Resolve To Keep Resolutions
You really mean it this year you're going to change! You've made your resolution list and feel motivated. With a little thought and the proper support system in place, even the hardest resolutions can fit seamlessly into your new year, and before you know it they will become a regular part of your new, healthy lifestyle.
1. Keep it simple We set ourselves up for failure when taking on more tasks than we can accomplish. We can surely think of numerous lifestyle changes we need to make, but the best way to accomplish these changes is to prioritize one or two and fully commit. Don't sell yourself short by spreading too thin. There's no rule that says you can't focus on one resolution now, and add a new one in March.
2. Create steps to success Many patients become disheartened and give up when they don't see progress. Often this is not because they have made no progress, but rather because they set their goal so high that they don't recognize the process it takes to get there.
To stay encouraged, break your resolution down into smaller steps with clear deadlines and mini-goals. For example, if your resolution is to lose weight, determine what your goal is and how long it will take to reasonably get there. Now re-write your resolution in ways that you can see success as it happens, by saying “Lose five pounds by February 1st. Lose 15 pounds by March 1st.”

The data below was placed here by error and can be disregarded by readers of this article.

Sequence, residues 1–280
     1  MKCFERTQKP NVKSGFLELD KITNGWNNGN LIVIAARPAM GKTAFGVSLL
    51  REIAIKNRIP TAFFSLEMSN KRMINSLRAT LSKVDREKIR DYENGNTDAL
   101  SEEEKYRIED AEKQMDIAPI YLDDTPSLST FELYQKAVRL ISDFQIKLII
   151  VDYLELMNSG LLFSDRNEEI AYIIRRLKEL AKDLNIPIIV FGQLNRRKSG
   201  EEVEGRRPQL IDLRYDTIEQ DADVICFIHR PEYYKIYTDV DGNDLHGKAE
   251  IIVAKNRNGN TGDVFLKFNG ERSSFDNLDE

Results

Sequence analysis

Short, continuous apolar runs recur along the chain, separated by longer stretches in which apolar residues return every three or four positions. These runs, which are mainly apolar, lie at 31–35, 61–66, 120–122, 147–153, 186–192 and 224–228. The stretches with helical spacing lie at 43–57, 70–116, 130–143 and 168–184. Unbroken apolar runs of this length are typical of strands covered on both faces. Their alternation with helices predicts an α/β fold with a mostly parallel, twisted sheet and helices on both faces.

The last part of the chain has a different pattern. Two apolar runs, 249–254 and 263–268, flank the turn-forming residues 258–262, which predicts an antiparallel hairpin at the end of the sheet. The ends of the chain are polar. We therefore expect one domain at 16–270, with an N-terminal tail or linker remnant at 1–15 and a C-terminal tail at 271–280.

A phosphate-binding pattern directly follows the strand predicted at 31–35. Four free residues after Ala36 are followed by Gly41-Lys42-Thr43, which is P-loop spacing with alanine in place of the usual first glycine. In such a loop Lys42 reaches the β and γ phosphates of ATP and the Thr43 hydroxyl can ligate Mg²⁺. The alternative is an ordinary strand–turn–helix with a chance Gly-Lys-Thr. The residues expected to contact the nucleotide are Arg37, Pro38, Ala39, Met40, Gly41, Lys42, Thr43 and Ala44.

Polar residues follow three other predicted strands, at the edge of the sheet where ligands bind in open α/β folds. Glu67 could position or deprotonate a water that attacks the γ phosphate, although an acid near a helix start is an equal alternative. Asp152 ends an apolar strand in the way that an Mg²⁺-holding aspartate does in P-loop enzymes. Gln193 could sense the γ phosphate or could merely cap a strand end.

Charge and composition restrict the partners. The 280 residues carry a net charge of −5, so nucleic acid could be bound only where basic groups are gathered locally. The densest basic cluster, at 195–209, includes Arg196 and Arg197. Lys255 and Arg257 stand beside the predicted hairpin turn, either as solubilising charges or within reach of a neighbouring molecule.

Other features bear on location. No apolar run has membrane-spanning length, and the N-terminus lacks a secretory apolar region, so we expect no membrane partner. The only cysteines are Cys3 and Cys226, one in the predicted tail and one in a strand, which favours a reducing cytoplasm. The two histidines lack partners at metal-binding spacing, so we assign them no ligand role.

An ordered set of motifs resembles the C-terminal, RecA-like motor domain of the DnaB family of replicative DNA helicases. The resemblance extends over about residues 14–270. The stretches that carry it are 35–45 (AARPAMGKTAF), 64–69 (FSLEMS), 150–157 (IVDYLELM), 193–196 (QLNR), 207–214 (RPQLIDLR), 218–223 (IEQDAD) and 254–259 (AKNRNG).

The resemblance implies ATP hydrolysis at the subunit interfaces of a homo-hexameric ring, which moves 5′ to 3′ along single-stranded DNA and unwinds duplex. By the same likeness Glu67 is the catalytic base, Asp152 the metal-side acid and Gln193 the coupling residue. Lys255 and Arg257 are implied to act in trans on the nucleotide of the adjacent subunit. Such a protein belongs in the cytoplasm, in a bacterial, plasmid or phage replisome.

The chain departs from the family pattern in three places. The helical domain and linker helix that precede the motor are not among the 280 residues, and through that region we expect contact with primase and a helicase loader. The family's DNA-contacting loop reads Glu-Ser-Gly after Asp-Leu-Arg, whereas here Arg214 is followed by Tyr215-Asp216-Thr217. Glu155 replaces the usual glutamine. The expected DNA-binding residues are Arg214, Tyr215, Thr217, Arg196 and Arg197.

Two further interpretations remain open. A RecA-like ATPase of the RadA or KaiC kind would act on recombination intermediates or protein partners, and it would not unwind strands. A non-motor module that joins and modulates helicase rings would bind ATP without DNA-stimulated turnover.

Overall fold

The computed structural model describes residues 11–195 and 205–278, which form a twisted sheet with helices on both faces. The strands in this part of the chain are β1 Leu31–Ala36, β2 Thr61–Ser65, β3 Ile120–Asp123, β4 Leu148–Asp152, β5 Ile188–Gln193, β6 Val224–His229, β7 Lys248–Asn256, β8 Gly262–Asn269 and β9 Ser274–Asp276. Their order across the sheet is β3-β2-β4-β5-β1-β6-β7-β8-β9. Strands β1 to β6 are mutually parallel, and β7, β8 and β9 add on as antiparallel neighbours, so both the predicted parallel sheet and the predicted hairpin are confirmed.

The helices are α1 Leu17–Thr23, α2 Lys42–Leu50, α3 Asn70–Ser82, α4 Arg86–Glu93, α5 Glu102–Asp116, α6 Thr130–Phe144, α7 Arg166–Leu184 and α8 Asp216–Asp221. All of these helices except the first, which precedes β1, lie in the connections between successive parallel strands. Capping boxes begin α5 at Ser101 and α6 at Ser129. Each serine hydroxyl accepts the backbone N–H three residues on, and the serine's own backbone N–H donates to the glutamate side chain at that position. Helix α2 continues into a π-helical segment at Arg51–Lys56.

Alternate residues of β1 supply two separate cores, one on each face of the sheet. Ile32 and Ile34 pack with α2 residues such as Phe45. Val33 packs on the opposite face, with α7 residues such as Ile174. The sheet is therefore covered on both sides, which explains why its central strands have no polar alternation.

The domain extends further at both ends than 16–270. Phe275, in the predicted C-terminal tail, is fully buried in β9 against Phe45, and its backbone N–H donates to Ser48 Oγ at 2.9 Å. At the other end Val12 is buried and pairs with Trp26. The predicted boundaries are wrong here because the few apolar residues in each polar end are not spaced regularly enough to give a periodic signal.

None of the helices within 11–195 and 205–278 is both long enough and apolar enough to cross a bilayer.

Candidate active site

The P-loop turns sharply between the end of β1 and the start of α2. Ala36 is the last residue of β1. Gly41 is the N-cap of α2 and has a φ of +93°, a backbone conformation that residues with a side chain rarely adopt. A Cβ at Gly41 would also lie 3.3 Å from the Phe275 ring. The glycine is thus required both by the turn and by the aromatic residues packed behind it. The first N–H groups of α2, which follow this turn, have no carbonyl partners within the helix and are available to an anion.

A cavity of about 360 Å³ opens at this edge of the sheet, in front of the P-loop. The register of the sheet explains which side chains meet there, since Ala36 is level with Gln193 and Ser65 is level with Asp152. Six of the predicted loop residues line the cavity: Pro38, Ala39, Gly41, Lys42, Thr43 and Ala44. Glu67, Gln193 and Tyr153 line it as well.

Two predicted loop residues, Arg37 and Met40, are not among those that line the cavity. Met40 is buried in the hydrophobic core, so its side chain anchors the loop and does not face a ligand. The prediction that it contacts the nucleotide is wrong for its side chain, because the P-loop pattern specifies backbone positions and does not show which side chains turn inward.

3. No repeats If you've failed to keep the same resolution you've made every January for the last five years, chances are you won't keep it this time. Perhaps you are resolving to do something you feel you should do, but don't really want to do. Evaluate the resolutions you created last year and determine how you might change them to be more realistic.
4. Accomplishments build upon themselves Acknowledge the progress you've made by creating a reward system that positively reinforces your efforts. Schedule a massage or pedicure for February 2nd when you've confirmed that you have lost the five pounds.
Never punish yourself if you don't meet the goal. This puts you into a state of stress and dread, thus making it more likely you will give up. If you haven't met your mini-goal, cancel the reward and reschedule for the following month.
5. Elicit all the help you can get The point of resolutions is to make a positive change that will benefit your life, not to prove how proud you can be. Don't make life more difficult by insisting that you do it all on your own. Do you have an exercise routine? Schedule an appointment with a personal trainer as your first mini-goal so that he can create a routine that suits your needs. Never kept to a budget before? See a financial planner so that she can give you a new perspective on how to maximize your spending.
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